Canadian home sales fell for a second month in a row in October, as sold prices and the number of new listings also dropped, an indicator that the national real estate market remains in more balanced territory.
The Canadian Real Estate Association says home sales across the country through its Multiple Listing Service system dropped by 1.6 per cent last month compared with September as the number of transactions fell in more than half of all local markets including Montreal, Edmonton and the Hamilton-Burlington, Ont., area.
Compared with October, 2017, sales last month were down 3.7 per cent as lower sales in the Vancouver region and the B.C. Fraser Valley more than offset gains in the Greater Toronto Area and Montreal.
The drop came as the average price for a home sold in October fell 1.5 per cent to $496,800, when compared with the same month a year ago.
Excluding the Greater Toronto Area and the Greater Vancouver area, two of the country’s most expensive and active markets, the average price of a sold home was just under $383,000.
The board says the number of new listings also dipped 1.1 per cent in October, led by declines in the Greater Toronto Area, Calgary and Victoria.
CREA’s chief economist Gregory Klump says there are signals of “waning activity,” especially in areas in the Greater Golden Horseshoe region of Ontario, which encompasses the cities of Barrie, Hamilton, Waterloo and Peterborough.
“National sales activity lost momentum in October,” he said in a statement.
Board president Barb Sukkau says this year’s mortgage stress test has left an impact on home sales by lowering the amount of mortgage homebuyers can now qualify for.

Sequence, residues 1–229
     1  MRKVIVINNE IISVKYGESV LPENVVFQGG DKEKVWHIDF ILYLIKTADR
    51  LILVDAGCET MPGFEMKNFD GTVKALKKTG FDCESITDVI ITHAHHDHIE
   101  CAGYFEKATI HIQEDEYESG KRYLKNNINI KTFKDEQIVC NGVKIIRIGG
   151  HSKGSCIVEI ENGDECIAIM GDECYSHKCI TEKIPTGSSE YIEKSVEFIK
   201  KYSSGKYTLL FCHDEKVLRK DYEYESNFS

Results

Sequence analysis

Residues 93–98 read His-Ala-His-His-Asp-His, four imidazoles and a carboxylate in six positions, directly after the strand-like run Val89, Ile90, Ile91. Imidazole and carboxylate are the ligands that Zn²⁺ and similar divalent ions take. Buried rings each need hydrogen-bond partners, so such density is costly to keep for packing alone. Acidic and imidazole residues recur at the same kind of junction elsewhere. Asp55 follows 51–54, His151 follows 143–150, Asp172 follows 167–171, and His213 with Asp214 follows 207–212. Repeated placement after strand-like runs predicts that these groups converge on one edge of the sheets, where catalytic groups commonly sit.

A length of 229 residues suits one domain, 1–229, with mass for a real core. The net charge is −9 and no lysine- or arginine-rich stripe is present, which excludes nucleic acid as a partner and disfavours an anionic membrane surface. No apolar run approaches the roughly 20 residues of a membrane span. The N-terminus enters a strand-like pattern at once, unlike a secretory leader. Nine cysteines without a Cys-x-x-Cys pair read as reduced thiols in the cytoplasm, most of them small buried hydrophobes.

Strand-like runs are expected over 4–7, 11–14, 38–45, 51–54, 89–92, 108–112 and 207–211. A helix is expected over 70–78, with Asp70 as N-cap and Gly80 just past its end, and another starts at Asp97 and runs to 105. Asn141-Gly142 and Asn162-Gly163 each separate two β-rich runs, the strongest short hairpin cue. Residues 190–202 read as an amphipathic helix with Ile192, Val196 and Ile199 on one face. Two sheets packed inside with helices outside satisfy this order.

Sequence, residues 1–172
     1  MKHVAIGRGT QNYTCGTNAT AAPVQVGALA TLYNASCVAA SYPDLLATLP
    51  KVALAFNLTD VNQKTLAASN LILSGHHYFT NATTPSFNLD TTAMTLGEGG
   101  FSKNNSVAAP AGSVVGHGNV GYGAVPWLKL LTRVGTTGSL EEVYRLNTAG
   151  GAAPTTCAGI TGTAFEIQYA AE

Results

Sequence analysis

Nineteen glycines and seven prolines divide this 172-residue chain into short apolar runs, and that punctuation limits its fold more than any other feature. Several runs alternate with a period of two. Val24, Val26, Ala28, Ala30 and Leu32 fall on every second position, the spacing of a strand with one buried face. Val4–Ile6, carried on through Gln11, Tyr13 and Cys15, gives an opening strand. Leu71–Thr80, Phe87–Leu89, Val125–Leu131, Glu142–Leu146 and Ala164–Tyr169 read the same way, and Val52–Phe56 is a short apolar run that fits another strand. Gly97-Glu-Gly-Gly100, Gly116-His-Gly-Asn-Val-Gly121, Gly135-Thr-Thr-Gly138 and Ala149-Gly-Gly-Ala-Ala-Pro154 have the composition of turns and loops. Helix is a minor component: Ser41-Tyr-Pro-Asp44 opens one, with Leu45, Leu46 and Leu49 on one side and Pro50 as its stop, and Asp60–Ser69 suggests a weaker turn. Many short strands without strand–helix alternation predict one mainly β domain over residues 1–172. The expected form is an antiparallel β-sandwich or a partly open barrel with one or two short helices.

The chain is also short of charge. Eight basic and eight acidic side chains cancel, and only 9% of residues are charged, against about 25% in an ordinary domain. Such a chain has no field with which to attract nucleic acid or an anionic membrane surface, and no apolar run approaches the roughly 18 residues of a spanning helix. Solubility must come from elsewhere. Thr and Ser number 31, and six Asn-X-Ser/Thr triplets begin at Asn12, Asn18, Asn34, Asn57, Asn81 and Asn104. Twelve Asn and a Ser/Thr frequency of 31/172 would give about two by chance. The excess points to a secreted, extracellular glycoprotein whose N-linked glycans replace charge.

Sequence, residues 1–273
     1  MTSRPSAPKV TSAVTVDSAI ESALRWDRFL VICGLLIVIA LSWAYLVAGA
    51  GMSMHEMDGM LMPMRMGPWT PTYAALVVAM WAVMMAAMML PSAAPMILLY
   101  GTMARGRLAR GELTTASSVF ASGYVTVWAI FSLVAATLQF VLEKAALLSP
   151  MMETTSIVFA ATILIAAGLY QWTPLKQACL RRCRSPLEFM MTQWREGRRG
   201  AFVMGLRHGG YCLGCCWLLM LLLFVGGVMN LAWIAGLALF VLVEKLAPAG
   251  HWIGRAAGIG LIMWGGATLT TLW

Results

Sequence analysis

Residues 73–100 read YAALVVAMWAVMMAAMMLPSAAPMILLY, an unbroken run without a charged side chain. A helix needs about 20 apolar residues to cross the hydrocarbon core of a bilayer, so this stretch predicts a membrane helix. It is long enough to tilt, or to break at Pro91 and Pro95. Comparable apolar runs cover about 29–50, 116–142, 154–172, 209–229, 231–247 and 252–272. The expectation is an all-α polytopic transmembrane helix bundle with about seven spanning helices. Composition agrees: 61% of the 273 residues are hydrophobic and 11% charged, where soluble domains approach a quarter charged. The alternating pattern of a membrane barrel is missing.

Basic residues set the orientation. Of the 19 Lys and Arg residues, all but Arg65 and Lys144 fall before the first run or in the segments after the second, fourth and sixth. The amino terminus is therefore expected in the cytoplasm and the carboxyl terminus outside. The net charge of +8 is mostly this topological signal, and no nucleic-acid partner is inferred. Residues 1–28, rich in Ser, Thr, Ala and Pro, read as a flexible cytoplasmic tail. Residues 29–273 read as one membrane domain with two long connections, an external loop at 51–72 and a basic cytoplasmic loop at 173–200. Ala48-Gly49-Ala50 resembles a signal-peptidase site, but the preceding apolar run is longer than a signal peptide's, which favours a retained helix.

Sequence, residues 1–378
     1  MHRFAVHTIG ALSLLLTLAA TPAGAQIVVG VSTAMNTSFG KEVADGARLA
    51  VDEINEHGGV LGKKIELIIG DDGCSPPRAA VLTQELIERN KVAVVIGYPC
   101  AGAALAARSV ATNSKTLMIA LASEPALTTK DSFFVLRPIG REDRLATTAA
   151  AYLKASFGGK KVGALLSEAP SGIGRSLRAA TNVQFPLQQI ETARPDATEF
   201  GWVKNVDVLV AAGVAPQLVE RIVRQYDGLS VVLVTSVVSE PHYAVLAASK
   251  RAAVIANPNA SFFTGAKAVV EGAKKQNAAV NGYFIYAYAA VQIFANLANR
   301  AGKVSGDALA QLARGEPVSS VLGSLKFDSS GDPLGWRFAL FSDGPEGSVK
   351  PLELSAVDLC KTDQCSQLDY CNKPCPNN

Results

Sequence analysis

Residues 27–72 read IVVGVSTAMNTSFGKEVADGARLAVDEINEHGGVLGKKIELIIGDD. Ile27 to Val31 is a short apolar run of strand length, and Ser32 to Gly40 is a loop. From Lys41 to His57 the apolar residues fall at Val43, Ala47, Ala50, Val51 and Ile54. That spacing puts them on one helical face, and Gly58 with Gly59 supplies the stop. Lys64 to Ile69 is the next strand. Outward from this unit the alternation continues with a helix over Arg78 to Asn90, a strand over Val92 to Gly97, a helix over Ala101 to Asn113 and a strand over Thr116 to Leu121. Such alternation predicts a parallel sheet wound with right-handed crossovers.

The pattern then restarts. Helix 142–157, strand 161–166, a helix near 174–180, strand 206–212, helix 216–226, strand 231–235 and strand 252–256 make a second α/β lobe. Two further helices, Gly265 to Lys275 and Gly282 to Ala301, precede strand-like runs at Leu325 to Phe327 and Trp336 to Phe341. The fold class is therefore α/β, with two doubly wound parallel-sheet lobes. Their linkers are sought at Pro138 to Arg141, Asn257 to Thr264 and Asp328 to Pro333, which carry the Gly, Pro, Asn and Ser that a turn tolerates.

The mortgage stress test came into effect in January, adding downward pressure on property values that were still adjusting to other newly introduced measures such as a 15 per cent foreign-buyers tax in Ontario.
In a note to investors, BMO Capital Markets says sales activity has picked up from the lows seen earlier this year, but are still a “long way” from the highs seen in 2016 and early 2017 before the new mortgage rules came into play and the Bank of Canada began increasing interest rates.
“At this point, it’s looking more and more like a prolonged period of calm could be setting in for Canada’s housing market, or outright stagnation in some of the major centres,” wrote senior economist Robert Kavcic.
He noted that as a whole, the national housing market looks “remarkably balanced and stable.”
“Below the surface, we are seeing an East-West split (the former being stronger) and, in some markets like Southern Ontario, relative strength outside the core. With fundamentals still sturdy on the one hand, but the Bank of Canada tightening on the other, Canadian housing could look quite stable for a while yet,” Mr. Kavcic wrote.